Interview – Acquisitions to brighten Horizon
It is many a small biotech’s dream to become that most elusive of beasts, a "fully integrated" life sciences company, and the UK’s Horizon Discovery is no stranger to this desire. The group’s rash of acquisitions and partnering deals since it debuted on the London stock market has, however, made it look more serious than most.
In the seven months after its IPO Horizon has bought two companies and struck one significant distribution agreement, enabling it to promise profitability by 2016. Yet despite these efforts Horizon’s share price, after peaking briefly, has remained stubbornly below the 180p float price, something that its chief executive, Darrin Disley, puts down to general issues in the market. “We are not worried about it in the short term,” he says.
Alongside market malaise, another element to the stock price drift is the number of shares that were not locked in at float and have in recent months dripped out into the market. Forced sellers of Horizon shares have also taken their toll. “Once we clear out that supply we feel the demand will go up,” Mr Disley says.
Horizon expects future demand to be driven by internally revised growth forecasts after its acquisition spree, which started with CombinatoRx in May. The deal saw Horizon capitalise on the ailing Zalicus’s misery (Zalicus in agony after painkiller failure, November 12, 2013), and snap up one of the profitable bits of the business for just £4.7m ($8m).
CombinatoRx adds the ability to screen existing and new drugs in combination, tapping into the trend to mix drugs to combat disease resistance while supporting companies’ efforts to extend products' life span.
“Take a drug that has a known patient population and you could see where else it has impact in terms of synergies with other drugs in your inventory, so you can find combinations that not only give you better results for the genetic patient population you are targeting, but maybe stack up against other patient populations to give you a broader market,” says Mr Disley.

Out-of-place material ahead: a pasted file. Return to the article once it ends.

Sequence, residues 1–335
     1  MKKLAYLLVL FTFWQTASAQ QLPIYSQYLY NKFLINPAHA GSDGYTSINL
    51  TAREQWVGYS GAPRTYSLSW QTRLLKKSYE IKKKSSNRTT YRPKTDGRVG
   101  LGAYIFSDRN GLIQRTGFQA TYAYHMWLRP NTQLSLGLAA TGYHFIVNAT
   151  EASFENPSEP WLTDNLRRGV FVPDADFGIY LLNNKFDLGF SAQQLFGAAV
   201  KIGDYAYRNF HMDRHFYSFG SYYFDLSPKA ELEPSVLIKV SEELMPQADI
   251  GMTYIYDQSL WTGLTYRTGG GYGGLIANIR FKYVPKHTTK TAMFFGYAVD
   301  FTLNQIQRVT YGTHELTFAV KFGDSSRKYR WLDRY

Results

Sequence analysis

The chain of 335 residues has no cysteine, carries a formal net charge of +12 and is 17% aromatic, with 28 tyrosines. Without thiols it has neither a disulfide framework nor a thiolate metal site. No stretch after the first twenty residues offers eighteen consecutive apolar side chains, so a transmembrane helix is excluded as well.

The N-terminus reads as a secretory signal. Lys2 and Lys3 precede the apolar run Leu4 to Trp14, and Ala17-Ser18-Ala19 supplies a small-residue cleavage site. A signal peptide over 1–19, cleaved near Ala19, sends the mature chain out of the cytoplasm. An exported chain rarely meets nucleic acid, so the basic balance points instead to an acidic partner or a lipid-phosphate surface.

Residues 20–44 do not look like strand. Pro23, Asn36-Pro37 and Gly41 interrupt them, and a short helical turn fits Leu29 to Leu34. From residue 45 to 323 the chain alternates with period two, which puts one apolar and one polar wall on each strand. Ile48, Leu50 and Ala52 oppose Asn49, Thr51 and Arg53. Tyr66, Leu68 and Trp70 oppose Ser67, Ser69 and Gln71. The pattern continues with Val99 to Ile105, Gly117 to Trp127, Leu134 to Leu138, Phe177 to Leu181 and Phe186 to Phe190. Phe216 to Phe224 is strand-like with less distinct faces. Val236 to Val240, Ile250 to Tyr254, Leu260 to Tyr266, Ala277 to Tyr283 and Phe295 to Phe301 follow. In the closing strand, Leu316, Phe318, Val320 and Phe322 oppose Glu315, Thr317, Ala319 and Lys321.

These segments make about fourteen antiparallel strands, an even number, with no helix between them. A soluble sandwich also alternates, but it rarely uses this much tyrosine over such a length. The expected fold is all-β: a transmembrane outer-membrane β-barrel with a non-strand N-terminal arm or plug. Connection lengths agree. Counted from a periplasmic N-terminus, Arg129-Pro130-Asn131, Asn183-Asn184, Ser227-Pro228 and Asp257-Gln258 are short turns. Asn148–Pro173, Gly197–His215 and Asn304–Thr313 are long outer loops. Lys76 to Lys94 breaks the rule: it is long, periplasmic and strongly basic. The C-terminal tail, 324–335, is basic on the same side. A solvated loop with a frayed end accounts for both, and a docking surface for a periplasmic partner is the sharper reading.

Horizon’s second acquisition, of US-based Sage Labs in September, was struck at the higher potential cash and share price of $48m, a reflection of the increasing competition in a space that has seen Merck KGaA buy Sigma Aldrich for $17bn and Pfizer strike a $110m collaboration with Cellectis, though the latter was primarily product-driven.
Strategically, Sage completes the circle of being able to offer both in vitro and in vivo cell models, and is part of Horizon's aim of covering all stages of healthcare from “sequence to treatment”. More recently, Horizon has also struck a distribution agreement with Haplogen Genomics, giving it the ability to sell an affordable knockout cell line production service to academics and companies.
Both CombinatoRx and Sage are expected to add to revenues immediately and could keep Horizon on track to reach profitability by 2016. However, analysts at N+1 Singer believe that this aggressive target might only be achieved if Horizon puts the brakes on its R&D investment activities.
The R&D investments, which Mr Disley says are only carried out “if there is a strong business case”, typically involve outlays of £500,000 to £1m to take projects forward before they are licensed out. This and its core service business, of providing gene editing technology and cell line development in return for future revenues, has helped Horizon rack up potential milestones of £158m, including a $74m deal with AstraZeneca.
This figure should, however, be put in the context of development timelines of 15 years plus. The nature of very early drug discovery also means that Horizon will realistically only see a tiny fraction of this impressive-sounding amount.
The numbers game
However, by adding to its businesses Horizon beefs up its ability to offer more services and hopefully strike more deals with pharma partners. By playing this numbers game and using its technology, which is designed to reduce the number of clinical failures, there will hopefully be even more winners to counter the natural attrition in drug candidates and provide the growth Horizon is forecasting.
Whether this will shift Horizon’s shares in the medium term is another matter, especially given the illiquidity of the stock. Jonathan Milner, founder of Abcam and Horizon's non-executive director, holds 13.2%, and the US private equity owners of Sage own a further 13%.
With the first big milestone from AstraZeneca expected in distant-looking 2016, more deal making or a very strong showing from the newly added businesses might be the only way to give Mr Disley the stock lift he wants.